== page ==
Monday, August 6, 2012

What Universities Do With Their Money: Another Debt Bubble?

There was an intriguing article in The Economist discussing a possible debt-driven bubble in our higher education system. What was so interesting is that the article focused not on the exploding student debt, but on the exploding university debt. The article was titled The college-cost calamity. It provided this lede;
"Many American universities are in financial trouble"

The indicated source of the financial problems is an overinvestment in flashy goodies.

"Universities have been spending like students in a bar who think a Rockefeller will pick up the tab. In the past two years the University of Chicago has built a spiffy new library (where the books are cleverly retrieved by robots), a new arts centre and a ten-storey hospital building. It has also opened a new campus in Beijing."

The motivation for this spending is not necessarily associated with providing better education for their students.

"Universities hope that vast investments will help them attract the best staff and students, draw in research grants and donations, and ultimately boost their ranking in league tables, drawing in yet more talent and money."

This chart puts university debt in perspective.

"Long-term debt at not-for-profit universities in America has been growing at 12% a year, estimate Bain & Company, a consultancy, and Sterling Partners, a private-equity firm."

To suggest that school income is spent on things other than educating students, this chart of administrative and non-educational student services costs is included.

This is not unexpected. Administering classrooms is simple; administering research centers is complex.

This claim is then made:

"To pay for all this, universities have been enrolling more students and jacking up their fees. The average cost of college per student has risen by three times the rate of inflation since 1983. The cost of tuition alone has soared from 23% of median annual earnings in 2001 to 38% in 2010. Such increases plainly cannot continue."

And how might a bursting bubble occur?

"Glenn Reynolds, the author of "The Higher Education Bubble", predicts that the bubble will burst ‘messily’. People have long believed that "whatever the cost, a college education is a necessary ticket to future prosperity." Easy credit has allowed them to pay ever more, and colleges have raised fees to absorb the extra cash. However, this cannot go on forever, says Mr Reynolds, especially when people start asking whether a degree in religious and women’s studies is worth the $100,000 debt incurred to pay for it."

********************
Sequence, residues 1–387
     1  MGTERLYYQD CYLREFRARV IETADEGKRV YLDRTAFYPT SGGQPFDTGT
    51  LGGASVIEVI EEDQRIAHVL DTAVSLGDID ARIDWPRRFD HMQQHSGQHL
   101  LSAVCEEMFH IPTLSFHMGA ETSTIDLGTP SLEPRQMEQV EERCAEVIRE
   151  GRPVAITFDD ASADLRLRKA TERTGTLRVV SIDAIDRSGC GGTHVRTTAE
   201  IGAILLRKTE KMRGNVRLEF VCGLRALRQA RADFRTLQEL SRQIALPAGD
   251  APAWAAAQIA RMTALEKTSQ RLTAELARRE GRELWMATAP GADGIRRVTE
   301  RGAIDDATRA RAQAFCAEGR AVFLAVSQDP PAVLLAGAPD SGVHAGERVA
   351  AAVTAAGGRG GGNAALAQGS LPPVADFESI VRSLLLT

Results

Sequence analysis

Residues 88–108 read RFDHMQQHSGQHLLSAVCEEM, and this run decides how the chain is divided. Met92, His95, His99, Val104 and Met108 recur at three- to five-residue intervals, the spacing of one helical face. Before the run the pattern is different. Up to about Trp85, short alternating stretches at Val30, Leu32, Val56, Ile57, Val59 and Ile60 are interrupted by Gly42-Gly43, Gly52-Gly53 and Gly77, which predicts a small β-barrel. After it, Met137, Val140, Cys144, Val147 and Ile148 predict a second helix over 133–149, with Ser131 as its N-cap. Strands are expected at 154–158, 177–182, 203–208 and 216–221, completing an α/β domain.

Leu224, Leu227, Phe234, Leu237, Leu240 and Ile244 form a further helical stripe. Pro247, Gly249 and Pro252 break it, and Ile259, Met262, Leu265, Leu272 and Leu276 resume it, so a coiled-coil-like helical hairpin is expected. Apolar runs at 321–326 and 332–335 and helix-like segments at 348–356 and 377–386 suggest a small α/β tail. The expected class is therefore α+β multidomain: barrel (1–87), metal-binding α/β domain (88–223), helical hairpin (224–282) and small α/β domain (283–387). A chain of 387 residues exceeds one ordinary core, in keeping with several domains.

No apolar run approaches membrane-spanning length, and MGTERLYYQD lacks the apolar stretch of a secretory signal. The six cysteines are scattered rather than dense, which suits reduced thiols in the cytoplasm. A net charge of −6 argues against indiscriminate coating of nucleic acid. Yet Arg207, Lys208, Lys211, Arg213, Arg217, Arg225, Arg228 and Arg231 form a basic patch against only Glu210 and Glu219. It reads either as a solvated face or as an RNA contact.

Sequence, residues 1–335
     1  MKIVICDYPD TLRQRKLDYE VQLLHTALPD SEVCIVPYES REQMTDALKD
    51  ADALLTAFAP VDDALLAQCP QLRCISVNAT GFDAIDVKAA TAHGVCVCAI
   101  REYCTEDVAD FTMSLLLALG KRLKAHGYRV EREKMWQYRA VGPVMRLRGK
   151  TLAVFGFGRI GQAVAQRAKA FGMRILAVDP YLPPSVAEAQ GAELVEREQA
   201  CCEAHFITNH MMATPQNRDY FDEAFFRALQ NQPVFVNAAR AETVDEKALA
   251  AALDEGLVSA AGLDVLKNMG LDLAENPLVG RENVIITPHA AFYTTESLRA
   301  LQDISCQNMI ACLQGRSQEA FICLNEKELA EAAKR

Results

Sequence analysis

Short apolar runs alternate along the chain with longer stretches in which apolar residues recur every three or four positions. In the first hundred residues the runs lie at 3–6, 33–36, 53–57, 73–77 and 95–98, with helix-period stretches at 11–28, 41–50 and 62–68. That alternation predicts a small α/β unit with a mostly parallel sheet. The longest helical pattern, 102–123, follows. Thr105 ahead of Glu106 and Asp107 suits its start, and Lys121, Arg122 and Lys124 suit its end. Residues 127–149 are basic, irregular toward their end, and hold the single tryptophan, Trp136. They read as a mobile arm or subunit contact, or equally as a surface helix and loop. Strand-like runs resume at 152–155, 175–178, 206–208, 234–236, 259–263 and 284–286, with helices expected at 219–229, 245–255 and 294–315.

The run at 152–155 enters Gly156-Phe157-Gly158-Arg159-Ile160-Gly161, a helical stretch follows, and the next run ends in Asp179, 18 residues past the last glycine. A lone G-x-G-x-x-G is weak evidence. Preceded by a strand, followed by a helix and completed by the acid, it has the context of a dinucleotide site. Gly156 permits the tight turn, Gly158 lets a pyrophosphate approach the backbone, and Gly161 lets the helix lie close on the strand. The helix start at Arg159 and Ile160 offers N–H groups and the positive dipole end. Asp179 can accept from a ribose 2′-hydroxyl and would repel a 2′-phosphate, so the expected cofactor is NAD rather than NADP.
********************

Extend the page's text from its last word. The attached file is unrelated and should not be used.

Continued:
This sounds like scary stuff, but is it really something to worry about?

The author used the University of Chicago as an example. This type of large, research-oriented university is probably better thought of as a conglomerate than as a school. The business of higher education was discussed in So Why Is College So Expensive? Revenue figures for Stanford University in the 2009-2010 academic year indicated that only 17% of their income came from student tuition and fees. This compared with 30% that came from sponsored research, 22% from endowment income, 13% from medical services provided (running a medical center), and 12% from other sources of income. The students barely beat out the "other" category. On top of this, the revenue from donors slightly exceeded that from students. This data for Stanford is not unique. Harvard’s budget provides almost an identical breakdown.

I was moved to make this comment:

"There is no market for a university education because income from students is not a driver in the operation of the institution. A cynic might say that the students, at least the undergraduates, are merely props to allow the school to pursue its money-making endeavors like sponsored research and investment income. What is the greatest contribution a student can make to his school? He can become a happy and nostalgic alumnus who will give and give for the rest of his life. How do you make happy and nostalgic alumni? You let them cross paths with famous people every once in a while. You provide them with spectacles in the form of sporting events. You give them the impression that they are going first class and they will leave proud of how much their education cost."

Mr. Reynolds seems to conclude that the university bubble will burst because students will rebel and refuse to go into debt to pay for this increasingly expensive educational product. This is stated as an obvious conclusion, but no evidence is provided that anything like this is occurring, at least not at major private universities. In fact, a university like Harvard or Stanford has enough income to shield their students from having to acquire large debts even though the nominal tuition is high.

The author might have made a case by providing an example from a lower-tier university where student tuition will be a greater fraction of income. However, one suspects that that this is also the type of institution that is less likely to go overboard on borrowing to obtain expensive facilities. A student revolt will be felt first at the lesser schools—but where is the data?

The argument that a college education is worth the investment still holds in terms of lifetime earnings. Going to college may have become more of a financial gamble, but it is still the only reliable path towards a healthy income. Until an alternative is available, our youth will continue to pay the price—even if it is an unreasonable one.

If there is going to be a debt bubble it will be of a traditional financial nature, because universities are really just another form of a corporation. Bad investments lead to bad results. No evidence is provided to indicate that these corporations are making bad investments—just large ones.

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